‘No Question About It’: Biden Responds To Trump’s Removal From Colorado Ballot

[Photo Credit | Screenshot: CSPAN]

Reagan Reese White House Correspondent
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President Joe Biden responded Wednesday to the Colorado Supreme Court’s decision to disqualify former President Donald Trump from the 2024 presidential ballot under a 14th Amendment clause banning insurrectionists from holding public office.

The Colorado Supreme Court ruled 4-3 on Tuesday to disqualify the former president from the 2024 election. Biden avoided commenting on the court case but agreed with the court that the former president engaged in an insurrection. (RELATED: ‘Lacks Any Limiting Principles’: Colorado’s Ruling Kicking Trump Off Ballot Violates Constitution, Legal Experts Say)

“No person shall be a Senator or Representative in Congress, or elector of President and Vice President, or hold any office, civil or military, under the United States, or under any state, who, having previously taken an oath, as a member of Congress, or as an officer of the United States, or as a member of any state legislature, or as an executive or judicial officer of any state, to support the Constitution of the United States, shall have engaged in insurrection or rebellion against the same,” the relevant clause of the 14th Amendment reads.

“Mr. President, your reaction to the Colorado ruling on Trump and the ballot?” a reporter asked Biden ahead of his remarks in Wisconsin.

“I’m not going to comment on a court case. [inaudible] That’s up to the court,” Biden responded. “That’s all I have to say about it.”

The reporter then asked the president whether Biden considered Trump an insurrectionist.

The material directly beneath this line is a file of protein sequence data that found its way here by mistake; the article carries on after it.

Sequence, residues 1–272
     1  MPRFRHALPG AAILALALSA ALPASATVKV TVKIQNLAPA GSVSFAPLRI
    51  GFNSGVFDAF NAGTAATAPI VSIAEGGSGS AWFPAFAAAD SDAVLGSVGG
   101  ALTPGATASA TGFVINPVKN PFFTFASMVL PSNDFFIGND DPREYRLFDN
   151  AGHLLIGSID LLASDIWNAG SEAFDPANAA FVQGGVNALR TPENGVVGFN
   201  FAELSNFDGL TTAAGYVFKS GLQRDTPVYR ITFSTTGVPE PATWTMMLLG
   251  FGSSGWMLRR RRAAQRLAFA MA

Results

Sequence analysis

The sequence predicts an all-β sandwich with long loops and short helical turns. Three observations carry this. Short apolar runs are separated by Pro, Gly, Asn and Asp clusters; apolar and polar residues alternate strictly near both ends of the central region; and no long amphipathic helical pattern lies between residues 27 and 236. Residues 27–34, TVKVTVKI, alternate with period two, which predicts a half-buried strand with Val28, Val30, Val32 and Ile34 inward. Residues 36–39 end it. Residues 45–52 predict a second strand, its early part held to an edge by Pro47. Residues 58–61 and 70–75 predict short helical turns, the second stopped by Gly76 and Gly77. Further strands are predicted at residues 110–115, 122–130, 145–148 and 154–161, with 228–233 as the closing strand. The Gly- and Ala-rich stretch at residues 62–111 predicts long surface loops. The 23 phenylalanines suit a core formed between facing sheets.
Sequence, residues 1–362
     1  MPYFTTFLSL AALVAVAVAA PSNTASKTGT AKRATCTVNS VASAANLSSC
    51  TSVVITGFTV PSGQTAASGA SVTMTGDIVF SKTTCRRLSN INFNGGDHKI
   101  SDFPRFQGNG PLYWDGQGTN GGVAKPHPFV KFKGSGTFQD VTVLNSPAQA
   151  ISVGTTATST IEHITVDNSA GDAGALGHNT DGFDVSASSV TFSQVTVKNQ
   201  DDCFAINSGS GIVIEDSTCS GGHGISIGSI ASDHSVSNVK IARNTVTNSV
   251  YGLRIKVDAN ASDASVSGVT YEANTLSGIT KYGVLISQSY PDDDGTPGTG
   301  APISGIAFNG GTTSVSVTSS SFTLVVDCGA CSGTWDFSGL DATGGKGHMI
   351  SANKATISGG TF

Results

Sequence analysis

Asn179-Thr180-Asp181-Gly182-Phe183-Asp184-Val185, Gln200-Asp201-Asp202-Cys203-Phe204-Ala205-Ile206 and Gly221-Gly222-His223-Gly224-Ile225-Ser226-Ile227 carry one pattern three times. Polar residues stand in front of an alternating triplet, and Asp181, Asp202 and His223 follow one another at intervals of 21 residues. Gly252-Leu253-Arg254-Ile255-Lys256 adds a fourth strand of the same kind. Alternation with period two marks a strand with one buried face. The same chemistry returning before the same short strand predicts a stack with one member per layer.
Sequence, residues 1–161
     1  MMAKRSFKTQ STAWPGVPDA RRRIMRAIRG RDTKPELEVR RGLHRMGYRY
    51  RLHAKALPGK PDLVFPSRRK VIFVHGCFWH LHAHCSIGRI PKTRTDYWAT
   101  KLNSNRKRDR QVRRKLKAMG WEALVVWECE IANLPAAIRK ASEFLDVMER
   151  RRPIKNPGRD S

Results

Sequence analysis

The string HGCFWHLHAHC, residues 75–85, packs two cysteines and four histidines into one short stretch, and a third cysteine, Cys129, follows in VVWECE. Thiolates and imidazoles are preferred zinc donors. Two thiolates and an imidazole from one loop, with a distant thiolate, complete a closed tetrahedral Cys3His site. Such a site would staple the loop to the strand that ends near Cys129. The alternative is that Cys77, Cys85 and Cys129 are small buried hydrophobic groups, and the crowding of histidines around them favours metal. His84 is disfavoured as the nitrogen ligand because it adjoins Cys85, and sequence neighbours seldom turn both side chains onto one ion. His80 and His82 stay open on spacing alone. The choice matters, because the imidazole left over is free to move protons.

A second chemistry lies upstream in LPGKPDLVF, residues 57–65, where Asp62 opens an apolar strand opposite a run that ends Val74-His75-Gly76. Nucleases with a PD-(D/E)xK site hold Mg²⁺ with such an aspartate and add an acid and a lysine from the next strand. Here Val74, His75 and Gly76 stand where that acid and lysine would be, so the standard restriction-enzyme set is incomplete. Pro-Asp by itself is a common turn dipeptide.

“Well, I think certain things are self-evident. You saw it all,” Biden said. “Now, whether the 14th Amendment applies, I’ll let the court make that decision. But he certainly supported an insurrection. No question about it. None. Zero. And he seems to be doubling down on — about everything.  Anyway, I’ve got to go do this event.”

The Colorado Supreme Court’s ruling is on pause until Jan. 4 pending an appeal to the U.S. Supreme Court. In the majority ruling, the Colorado justices ruled that its state courts do not need an act of Congress to be able to remove Trump from the ballot while arguing that the Jan. 6 riot amounted to an insurrection that Trump allegedly “engaged” in.

The Trump campaign immediately responded to the ruling, announcing that they will appeal the decision. Every GOP presidential candidate chimed in and offered their support for the former president, except for former Arkansas Gov. Asa Hutchinson who argued that the “insurrection” will “haunt” Trump’s candidacy. Candidate Vivek Ramaswamy said he would protest the ruling by removing his name from the Colorado ballot unless Trump is reinstated.

In the dissenting opinion, three justices argued that the court misused its power, rushed its decision and didn’t properly weigh the repercussions of its ruling.

“I have been involved in the justice system for thirty-three years now, and what took place here doesn’t resemble anything I’ve seen in a courtroom,” Justice Carlos Samour wrote in his dissent before adding that the ruling could cause “chaos in our country.”